In the spirit of sharing more Neurodiverse experiences, I've decided to publish updates about my ARFID treatment. I don't know how it will go, but I hope it will be a journey of exploration and healing for me. And who knows, if you've struggled with something like this, maybe this will be helpful for you too.
If discussions of anxiety, food, and eating disorders are triggering for you, this may not be the series for you. Please make the decision that is best for your mental health.
This week, after more than two decades of struggling, I've finally begun tackling my issues with food and eating.
And it sucks.
A little background:
I received my Autism diagnosis in January 2019, right before I turned 25. Also around that time, I discovered ARFID or Avoidant Restrictive Food Intake Disorder, and begun the difficult task of untangling my lifetime trauma around food.
Growing up, I was the chronically "picky eater" in the family. Fortunately, my restricted diet has never caused me any significant health issues or malnutrition. Unfortunately, that also meant it was easily overlooked.
Eating has always been at best a chore, and at worst a nightmare. As a child – and really up until just a few years ago – I simply didn't have the language or understanding to communicate the paralyzing anxiety I often suffered at mealtime. Because it was more than just my own anxiety about actually eating, it was also anxiety about my mother's reactions and emotions when I refused food.
Finally learning about ARFID gave me the context I needed to begin unpacking my feelings around eating, recognize the severe anxiety I'd dealt with, and forgive myself for not being able to do any better until now.
Around the time I became a teenager, the pressure from my immediate family lessened significantly. Which meant that there was a lot less stress around mealtime. Which meant that I would actually try new things once in a while of my own volition. However, that was also around the time that I started developing worsening GI symptoms and had to start cutting things out of my diet. It was very much 'three steps forward, two steps back.'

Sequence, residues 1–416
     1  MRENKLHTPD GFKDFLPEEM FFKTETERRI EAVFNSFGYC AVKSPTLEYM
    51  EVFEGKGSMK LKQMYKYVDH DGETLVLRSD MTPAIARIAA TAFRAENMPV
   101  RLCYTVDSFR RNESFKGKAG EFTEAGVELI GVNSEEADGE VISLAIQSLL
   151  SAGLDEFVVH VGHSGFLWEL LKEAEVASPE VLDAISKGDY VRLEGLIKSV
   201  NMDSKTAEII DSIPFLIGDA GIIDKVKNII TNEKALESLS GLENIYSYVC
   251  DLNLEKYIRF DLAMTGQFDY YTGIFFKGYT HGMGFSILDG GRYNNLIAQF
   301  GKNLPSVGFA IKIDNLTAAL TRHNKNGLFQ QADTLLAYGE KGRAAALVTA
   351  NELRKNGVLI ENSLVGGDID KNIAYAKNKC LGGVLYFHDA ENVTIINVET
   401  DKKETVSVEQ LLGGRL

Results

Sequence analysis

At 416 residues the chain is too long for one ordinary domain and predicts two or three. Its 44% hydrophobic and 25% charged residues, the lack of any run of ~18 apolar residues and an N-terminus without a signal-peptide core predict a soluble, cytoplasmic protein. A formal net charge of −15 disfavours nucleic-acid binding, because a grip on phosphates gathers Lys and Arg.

Things continued like that until the end of 2020 when I decided it was a good time to finally address this. I felt more confident and centered with the understanding I had about my neurodivergence and how that played into this, and I had spent a few years in therapy learning how to deal with my overall anxiety. So I decided I would conslut a professional who could help me navigate the complexity of my ARFID, GI issues, and being vegan.
At the time of writing this, it's been one day since my first appointment where I was given a couple of goals / things to focus on until the next one in two weeks. Making decisions about what to eat each day already felt like a chore, but now there's additional factors to consider: how much protein I'm getting and whether I'm hitting certain food groups, etc. And the stress is paralyzing.
I have ample time between meals to think about what to eat next, but I desperately do not want to think about it. This is hardcore avoidance mode.
One of the goals is making a habit of meal planning to lessen (at least the frequency of) the anxiety over these decisions, but it's only been one day so I'm still waiting for the chance to sit down and actually do that.
Here's what I think is happening:
- There are too many goals to "focus" on. As someone who struggles a lot with Executive Functioning, having FOUR things to focus on is far too many. I'm definitely with Greg McKeown on this one, there can only be one priority.
- I underestimated the level of trauma I was addressing. Pretty much as soon as I had more than the usual to think about regarding my next meal, my stress and anxiety skyrocketed to levels I haven't felt in years. I was emotionally unprepared for this.
#4 on my goals list from my dietitian is asking my therpaist about methods of managing my anxiety. Lucky for me, I have an appointment with my therapist later this week. Until then, I guess I'll just suffer. I can feel a tension headache coming on.
And, it's dinner time...